how we learned the cultural contribution of social media devolution.jpg

One size fits all is rarely the answer to anything in life. And for sure that’s true with organisational social media strategies.

by James Morton

The single question I’ve been asked more than any other of late has been a surprising one.

Not the usual frontrunner: “Can we have a poster for our open day?”

Nor the sometime-favourite: “So, what does comms actually do?”

No, it’s been: “When are the next Tweeties?”

The Tweeties were an internal awards bash we ran last year to celebrate the good things going on across our social media accounts. Best Use of Content, Best Community Engagement – that type of thing.

It was a low-key thing, really – just some certificates (and awards avatars, of course) dished out, a few biscuits and some words of thanks for the work people had put in.

But the fact we’d not got round to organising one yet this year – this summer has sadly been about Grenfell Tower and little else – has been noticed and made me realise the pride our account holders have in their contribution to our comms output.

The social media devolution debate has been one I’ve tracked closely on comms2point0.

Many of Darren’s findings from his review of 500 social media accounts certainly rang true for our organisation. I don’t doubt or deny our 50 or so accounts are in need of a review and refresh.

And as a bit of a comms control freak, I can absolutely identify with South Yorkshire Fire’s Alex Mill’s desire for digital imperialism – but he invited us to “prove him wrong and wipe away my cynicism” so here I go…

The enthusiasm for the next Tweeties made me reflect on what the devolved approach to social media has actually meant to our organisation – and it all boils down to that dusty old perennial: trust.

Three years ago, a new Chief instigated the start of a cultural journey aimed at empowering staff (and all the other similar guff we’ve all committed to a million corporate plans now sat gathering cobwebs in a cupboard.)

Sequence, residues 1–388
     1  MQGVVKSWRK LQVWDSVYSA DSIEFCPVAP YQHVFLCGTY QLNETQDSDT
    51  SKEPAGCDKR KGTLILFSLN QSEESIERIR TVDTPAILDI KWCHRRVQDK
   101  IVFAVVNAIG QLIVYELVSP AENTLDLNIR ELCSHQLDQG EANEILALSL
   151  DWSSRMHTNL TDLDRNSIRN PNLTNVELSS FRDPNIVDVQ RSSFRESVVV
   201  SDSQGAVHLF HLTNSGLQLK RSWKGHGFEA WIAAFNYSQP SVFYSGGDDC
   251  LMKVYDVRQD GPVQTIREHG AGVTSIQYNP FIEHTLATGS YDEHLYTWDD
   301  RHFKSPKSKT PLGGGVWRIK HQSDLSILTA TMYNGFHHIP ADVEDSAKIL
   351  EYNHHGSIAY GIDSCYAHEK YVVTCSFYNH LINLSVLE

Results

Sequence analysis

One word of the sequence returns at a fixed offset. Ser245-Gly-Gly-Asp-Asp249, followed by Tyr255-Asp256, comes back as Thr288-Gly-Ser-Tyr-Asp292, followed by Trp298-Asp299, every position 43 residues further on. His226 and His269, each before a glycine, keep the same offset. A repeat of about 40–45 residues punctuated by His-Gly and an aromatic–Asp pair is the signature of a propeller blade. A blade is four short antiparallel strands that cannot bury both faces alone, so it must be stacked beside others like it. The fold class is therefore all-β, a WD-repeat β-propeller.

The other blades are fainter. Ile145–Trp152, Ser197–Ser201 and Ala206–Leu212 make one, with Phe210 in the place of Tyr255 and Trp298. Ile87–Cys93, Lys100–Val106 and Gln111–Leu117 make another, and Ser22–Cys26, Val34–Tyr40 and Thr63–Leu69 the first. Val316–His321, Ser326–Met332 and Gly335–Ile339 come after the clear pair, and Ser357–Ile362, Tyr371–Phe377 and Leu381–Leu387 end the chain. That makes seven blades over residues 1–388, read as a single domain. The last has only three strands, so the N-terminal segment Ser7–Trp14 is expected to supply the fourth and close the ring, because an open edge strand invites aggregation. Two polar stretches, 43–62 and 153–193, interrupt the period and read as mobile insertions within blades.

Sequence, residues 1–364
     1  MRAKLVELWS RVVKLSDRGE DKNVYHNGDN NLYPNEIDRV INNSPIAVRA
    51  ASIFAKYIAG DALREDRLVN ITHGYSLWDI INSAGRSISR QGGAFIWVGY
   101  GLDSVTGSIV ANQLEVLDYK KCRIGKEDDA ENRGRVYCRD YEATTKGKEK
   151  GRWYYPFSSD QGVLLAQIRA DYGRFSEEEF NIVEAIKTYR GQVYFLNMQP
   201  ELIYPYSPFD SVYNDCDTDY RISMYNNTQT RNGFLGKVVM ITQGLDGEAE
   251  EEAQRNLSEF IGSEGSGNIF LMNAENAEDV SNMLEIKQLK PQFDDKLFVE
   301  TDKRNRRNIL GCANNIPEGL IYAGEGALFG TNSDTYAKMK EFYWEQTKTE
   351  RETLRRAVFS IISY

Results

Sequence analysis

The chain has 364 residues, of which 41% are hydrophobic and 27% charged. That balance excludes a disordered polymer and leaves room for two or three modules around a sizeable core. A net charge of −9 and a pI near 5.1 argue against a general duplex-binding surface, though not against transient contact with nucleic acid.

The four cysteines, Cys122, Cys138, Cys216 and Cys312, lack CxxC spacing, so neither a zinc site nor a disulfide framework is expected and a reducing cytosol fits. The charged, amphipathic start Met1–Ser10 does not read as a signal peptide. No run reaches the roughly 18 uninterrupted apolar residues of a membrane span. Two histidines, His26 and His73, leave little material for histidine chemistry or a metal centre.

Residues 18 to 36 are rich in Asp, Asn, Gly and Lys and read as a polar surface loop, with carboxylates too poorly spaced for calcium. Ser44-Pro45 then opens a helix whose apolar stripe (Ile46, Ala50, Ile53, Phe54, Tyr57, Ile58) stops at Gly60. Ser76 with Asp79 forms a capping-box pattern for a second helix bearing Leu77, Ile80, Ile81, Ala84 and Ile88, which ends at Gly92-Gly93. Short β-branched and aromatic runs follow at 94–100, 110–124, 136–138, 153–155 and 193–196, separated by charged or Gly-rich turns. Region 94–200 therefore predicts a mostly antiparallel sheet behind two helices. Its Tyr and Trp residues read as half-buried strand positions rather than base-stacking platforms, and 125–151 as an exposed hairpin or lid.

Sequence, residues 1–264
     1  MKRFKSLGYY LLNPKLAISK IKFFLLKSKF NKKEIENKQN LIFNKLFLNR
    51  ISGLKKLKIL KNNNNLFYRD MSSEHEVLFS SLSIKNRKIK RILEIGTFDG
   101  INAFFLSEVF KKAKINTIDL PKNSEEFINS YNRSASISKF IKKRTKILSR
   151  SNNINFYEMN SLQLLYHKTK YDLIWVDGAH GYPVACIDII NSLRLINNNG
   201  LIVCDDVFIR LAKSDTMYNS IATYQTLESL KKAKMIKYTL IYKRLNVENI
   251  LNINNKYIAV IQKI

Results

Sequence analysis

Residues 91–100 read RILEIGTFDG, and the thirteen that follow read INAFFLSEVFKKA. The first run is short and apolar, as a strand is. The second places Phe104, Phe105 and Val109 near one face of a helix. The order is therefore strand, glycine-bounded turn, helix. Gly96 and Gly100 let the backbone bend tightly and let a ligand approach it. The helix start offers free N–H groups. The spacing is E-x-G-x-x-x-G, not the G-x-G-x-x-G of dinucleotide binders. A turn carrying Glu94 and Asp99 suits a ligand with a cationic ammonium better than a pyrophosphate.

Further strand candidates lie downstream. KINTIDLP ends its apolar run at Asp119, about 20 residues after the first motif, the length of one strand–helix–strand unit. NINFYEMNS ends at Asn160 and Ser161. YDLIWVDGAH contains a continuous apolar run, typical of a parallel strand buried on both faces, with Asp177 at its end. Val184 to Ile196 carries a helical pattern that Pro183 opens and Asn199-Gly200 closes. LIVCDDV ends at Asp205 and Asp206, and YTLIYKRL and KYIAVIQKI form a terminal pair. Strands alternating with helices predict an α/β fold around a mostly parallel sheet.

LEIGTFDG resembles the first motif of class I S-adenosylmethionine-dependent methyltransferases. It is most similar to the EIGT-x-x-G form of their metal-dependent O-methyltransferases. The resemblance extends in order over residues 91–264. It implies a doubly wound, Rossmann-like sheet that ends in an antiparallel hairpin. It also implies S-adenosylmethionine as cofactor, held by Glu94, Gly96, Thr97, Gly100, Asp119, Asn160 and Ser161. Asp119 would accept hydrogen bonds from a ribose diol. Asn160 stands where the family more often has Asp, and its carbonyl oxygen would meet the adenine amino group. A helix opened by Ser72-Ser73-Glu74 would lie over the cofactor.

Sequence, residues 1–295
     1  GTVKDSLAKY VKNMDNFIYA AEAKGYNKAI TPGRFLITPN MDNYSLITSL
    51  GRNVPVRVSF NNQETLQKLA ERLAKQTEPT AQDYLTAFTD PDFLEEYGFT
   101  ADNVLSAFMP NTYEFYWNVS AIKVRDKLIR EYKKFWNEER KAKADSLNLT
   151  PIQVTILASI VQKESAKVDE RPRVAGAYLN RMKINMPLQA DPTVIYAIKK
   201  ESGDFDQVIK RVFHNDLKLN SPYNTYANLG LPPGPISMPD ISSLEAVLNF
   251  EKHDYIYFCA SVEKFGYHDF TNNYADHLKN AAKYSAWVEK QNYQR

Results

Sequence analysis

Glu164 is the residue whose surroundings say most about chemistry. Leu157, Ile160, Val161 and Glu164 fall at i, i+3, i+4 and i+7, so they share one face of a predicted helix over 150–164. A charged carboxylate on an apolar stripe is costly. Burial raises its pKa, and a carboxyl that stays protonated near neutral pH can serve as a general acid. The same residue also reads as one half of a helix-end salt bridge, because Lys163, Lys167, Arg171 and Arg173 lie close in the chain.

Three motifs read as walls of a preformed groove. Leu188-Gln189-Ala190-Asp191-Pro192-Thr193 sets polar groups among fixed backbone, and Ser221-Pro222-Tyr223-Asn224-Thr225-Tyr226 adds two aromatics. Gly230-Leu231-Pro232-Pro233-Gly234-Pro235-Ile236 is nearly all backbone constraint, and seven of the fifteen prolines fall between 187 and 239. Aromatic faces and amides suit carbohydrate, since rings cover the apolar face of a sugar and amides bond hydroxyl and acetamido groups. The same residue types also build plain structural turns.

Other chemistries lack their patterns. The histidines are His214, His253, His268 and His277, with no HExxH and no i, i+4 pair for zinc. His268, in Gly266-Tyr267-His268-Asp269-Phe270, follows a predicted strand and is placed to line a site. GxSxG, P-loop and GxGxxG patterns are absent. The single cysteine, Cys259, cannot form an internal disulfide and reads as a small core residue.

A worthy mission but, in a highly hierarchical organisation like the fire service, a tricky one.

Trusting frontline firefighters with such potentially lethal weaponry as a Twitter account would have previously been the stuff of management nightmares.

But, in the new world, as we were approached about new accounts, so we began to open up our comms to the frontline. A trust exercise to a fairly significant extent – not without relevant training and support, of course, but still a nervy moment for many managers.

But I would argue that it is has become the most important signifier of our ‘new world’ and a revelation in breaking down barriers between management and the frontline – something of a holy grail in a ‘yes guv’ culture.

I can genuinely count on one hand the number of ‘issues’ our devolved accounts have thrown up and we have seen some fantastic innovation and imagination as our accounts have embraced the responsibility placed in them.

I’d happily bore anyone with the other myriad benefits it has brought us culturally, not least to people’s understanding and appreciation of comms. And which of us wouldn’t have that on our bucket lists?

Yes, accounts still need to have purpose and of course there has to be quality control, but the odd dull tweet versus engaged staff bursting with pride in their work? I’ll take that trade-off.

James Morton is external communications manager at Hampshire Fire and Rescue Service

image via Galt Museums and Archives

Original source – comms2point0 free online resource for creative comms people – comms2point0

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